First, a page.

human behavior

The despair of centrality

Posted in Australian Culture & Politics, The Expatriate Life by humanb on December 15, 2006

In a truly partisan climate it is sometimes so much easier and more comforting to be partisan yourself. Republican Representative from Texas, Tom Delay, speaking to the congressional newspaper The Hill:

The Hill: What would you advise the president to do in these last couple years with a Democratic Congress?

DeLay: Fight. Fight. Fight. There is no such thing as bipartisanship. The Democrats define bipartisanship as buying into their partisanship. In my experience in over 12 years of being in leadership, if you didn’t do it the Democrats way, they didn’t want to play. The perfect example of that is when we reached out in a bipartisan way to create the Department of Homeland Security. We gave them more stuff than we should have in negotiating with [Nancy] Pelosi and others. Then when we go out there to mark up the bill, they 100% vote against it. That’s bipartisanship.

Ah well.

One aspect of Australian politics that I have always found a bit disconcerting was the tradition of naming the major party not in power The Opposition. This necessarily connotes and encourages a position of constant dissent to the ideas and propositions of the party in power. The Leader of the Opposition is therefore evaluated by how well he criticises the ideas and positions of the ruling party. Obviously, if a party is to demonstrate its superior ability to govern, it must offer superior ideas for governing, but the title of Opposition and the expectations of the party in such a position, seem to negate the possibility and even desirability of compromise. Parliament becomes a place of deep division and resistance at best, and animosity at worst. There seems little collective desire to find common ground for the betterment of every Australian.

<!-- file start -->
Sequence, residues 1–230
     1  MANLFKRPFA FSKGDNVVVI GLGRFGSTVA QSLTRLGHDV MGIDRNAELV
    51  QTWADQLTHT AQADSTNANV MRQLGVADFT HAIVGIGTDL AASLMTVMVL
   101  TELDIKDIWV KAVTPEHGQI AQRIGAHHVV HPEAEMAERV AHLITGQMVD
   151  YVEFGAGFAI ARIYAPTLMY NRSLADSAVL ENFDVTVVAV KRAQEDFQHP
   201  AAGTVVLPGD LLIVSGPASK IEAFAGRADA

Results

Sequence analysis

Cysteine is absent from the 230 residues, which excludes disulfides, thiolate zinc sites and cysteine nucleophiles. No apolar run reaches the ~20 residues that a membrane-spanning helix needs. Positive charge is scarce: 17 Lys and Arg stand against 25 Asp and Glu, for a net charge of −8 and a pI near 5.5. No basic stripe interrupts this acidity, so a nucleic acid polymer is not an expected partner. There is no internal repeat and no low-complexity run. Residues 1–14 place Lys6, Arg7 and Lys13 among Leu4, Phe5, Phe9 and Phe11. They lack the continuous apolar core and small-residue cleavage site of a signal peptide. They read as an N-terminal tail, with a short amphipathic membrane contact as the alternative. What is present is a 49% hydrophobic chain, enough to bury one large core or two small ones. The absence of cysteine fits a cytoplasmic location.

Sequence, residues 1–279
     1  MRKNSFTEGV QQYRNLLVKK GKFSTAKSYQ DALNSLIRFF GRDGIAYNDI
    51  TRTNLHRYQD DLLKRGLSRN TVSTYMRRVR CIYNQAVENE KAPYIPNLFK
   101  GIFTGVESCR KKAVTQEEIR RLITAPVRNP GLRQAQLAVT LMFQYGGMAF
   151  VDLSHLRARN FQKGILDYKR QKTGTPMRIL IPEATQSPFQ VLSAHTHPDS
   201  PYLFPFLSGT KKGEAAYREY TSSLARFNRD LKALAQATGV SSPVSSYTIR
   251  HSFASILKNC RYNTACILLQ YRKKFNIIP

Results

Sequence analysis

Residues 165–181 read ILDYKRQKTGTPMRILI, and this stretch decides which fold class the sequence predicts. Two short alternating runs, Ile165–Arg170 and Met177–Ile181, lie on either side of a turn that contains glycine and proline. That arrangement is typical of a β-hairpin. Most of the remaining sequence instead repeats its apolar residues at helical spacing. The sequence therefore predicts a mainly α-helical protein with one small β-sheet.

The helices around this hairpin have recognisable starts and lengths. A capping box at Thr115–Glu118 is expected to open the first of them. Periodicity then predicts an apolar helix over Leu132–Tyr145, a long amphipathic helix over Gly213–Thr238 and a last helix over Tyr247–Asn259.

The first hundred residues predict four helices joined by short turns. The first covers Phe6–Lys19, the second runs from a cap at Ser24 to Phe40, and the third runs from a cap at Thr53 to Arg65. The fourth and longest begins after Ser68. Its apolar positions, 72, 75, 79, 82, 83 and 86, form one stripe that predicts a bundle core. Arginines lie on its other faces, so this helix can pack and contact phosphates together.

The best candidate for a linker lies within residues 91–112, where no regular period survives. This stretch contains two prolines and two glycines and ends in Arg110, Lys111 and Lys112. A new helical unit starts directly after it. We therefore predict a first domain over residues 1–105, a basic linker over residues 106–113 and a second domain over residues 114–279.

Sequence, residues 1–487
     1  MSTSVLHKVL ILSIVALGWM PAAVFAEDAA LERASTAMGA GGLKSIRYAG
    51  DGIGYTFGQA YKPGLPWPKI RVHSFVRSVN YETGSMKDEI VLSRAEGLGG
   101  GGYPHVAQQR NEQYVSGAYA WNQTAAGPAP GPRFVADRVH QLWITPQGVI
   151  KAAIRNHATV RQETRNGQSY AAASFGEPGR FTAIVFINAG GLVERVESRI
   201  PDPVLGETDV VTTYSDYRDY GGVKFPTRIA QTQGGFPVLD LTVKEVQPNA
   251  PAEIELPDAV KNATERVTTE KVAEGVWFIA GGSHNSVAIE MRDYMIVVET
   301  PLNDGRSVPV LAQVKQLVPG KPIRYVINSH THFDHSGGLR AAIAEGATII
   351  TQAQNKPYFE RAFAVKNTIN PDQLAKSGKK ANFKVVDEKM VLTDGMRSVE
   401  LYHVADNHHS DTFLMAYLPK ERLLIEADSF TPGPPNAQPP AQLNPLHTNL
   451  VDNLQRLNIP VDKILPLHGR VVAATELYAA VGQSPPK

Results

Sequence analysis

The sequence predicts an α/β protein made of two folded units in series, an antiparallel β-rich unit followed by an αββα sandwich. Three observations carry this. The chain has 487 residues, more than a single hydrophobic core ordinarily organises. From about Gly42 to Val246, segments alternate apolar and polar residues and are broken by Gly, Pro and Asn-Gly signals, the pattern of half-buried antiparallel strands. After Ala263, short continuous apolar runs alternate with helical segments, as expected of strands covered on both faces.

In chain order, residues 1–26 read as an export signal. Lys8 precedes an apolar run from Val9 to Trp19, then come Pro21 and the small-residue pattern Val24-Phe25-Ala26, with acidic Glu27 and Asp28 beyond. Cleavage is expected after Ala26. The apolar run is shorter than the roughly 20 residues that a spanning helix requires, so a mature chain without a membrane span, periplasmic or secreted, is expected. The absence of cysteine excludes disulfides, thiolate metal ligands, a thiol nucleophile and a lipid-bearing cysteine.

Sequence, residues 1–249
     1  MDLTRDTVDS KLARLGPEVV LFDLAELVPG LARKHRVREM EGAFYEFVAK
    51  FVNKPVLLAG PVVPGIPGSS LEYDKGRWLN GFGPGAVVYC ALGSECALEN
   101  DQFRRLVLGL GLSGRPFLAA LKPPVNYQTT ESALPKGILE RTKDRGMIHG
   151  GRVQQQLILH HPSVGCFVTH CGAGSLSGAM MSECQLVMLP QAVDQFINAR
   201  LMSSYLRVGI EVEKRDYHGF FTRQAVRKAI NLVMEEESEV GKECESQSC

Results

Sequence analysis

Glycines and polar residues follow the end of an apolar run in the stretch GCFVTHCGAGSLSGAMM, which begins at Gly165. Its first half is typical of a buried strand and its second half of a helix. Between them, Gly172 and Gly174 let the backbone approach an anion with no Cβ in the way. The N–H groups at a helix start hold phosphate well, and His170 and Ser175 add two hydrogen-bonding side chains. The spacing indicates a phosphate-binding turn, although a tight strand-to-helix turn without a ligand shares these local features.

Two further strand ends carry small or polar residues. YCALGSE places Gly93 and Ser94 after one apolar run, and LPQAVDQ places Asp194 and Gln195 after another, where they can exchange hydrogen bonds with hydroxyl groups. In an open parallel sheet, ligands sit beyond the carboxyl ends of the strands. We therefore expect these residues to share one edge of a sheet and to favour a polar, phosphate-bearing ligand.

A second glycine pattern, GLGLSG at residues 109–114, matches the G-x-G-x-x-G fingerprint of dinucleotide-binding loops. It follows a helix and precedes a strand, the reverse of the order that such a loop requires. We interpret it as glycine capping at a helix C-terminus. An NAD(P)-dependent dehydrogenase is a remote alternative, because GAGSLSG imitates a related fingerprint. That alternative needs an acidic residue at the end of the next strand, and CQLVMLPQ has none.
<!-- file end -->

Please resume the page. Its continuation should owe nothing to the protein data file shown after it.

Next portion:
The word “shadow” minister I also find a bit disturbing – funny too. It conjures for me an image of Rudd and Gillard creeping menacingly behind Howard and Vaile like shapeless dark forces ready to supplant them at a moments notice and take form from the newfound strength of victory over their enemies.

Alas, the US Congress may be no different. While the Democrats are called just that, and we have no shadow figures, the US manages to produce the same culture of divisiveness without the complication of a joint executive and legislative branch, and without the terminology of opposition.

I think it interesting that many people see little difference between the Democratic and Republican parties in America, and the Labor and Liberal parties in Australia. Our respective legislators clearly see great ideological chasms, and too few of them voice a sincere desire to build bridges to cross them.

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2 Responses

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  1. Club Troppo » said, on December 18, 2006 at 12:24 pm

    […] The despair of centrality – “Human Behaviour” wonders whether labelling the main non-government party as “The Opposition” and its portfolio spokespeople as “shadow Ministers” has any effect on the political process … […]

  2. Jacques Chester said, on December 18, 2006 at 2:16 pm

    Great post.

    The terms “Opposition” and the idea of shadow ministers is borrowed from our Westminster heritage.

    The idea is that at all times there is an alternative government ready to take over. Traditionally both parties are seen as loyal to the nation and the queen, but that it is useful and healthy to have a second government ready to step in.

    That terminology has weakened over the years. Often the media refer to shadow ministers as “spokesmen” or “spokespersons”. A shame really, because it distracts from the point that these really are the cabinet members of an alternative government.


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